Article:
The first period of French – Flemish vocal music started in 1420 and lasted until 1460. The change from the late French era to the new music of the Renaissance was accomplished by John Dunstable (1380 - 1453 approx.) in and Guillaume Dufay (1400 - 1474 approx.) in the French – Flemish regions. The structural element of composition is imitation and the dominant type is the French and Burgundy “chanson”. The most significant representative of this type of music was Gilles Binchois (1400 - 1460). Burgundy had become a new political and cultural center. 



The second period of French – Flemish vocal music lasted from 1460 until 1490. The types of composition were similar to those of the previous period with the only difference being that the liturgy is now performed by four voices. The period’s main composer is J. Ockeghem (1420 - 1495).



The third period extends from 1490 until 1520. Compositions aimed for clarity, simplicity and transparency. The most significant composer of this period was Josquin Desprez (1450), who wrote mainly liturgies, motets and chansons and by preserving the purity and transparency of the form attributed the power of expression to the text. The first published works also originate in this period, mainly consisting of lute and pipe - organ tablatures.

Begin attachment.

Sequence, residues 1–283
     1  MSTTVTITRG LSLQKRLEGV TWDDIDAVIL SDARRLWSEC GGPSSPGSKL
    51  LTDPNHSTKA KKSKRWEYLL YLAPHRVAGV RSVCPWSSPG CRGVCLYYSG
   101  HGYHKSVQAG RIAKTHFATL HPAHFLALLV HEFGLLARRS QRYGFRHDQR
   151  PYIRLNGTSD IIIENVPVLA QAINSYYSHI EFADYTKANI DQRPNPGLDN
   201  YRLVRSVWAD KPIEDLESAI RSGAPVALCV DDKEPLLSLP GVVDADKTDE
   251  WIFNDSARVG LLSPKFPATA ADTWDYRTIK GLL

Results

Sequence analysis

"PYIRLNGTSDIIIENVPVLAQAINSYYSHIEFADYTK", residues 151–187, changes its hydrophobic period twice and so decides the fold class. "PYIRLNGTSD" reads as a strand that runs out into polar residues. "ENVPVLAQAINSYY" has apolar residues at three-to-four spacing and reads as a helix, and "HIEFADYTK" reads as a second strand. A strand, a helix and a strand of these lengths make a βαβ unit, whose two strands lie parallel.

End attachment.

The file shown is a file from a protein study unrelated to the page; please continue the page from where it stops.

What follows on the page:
The forth period of the French – Flemish vocal music started in 1520 and lasted until 1560. New types emerge, sound volume increases and the use of five or six voices is now the general practice. The structural element of composition is still imitation. The most significant representatives of this period are Nicolas Gombert (1500 - 1560 approx.), Jacobus Clemens non Papa (approx. 1512 - 1555/6) and Adrian Willaert (1480 - 1562 approx.).



The last period began in 1560 and ended in 1600, thus ending the Renaissance period. French – Flemish polyphonic music reached its peak, especially due to the works of Orlando di Lasso (1532 - 1594). Music now serves text expression and reproduces its emotional content. Music creation in this period is marked by the influence of the Ecumenical Council of Trent. The anti – reform spirit of the time reflects in the several redemption psalms and grandiose motets based on biblical texts.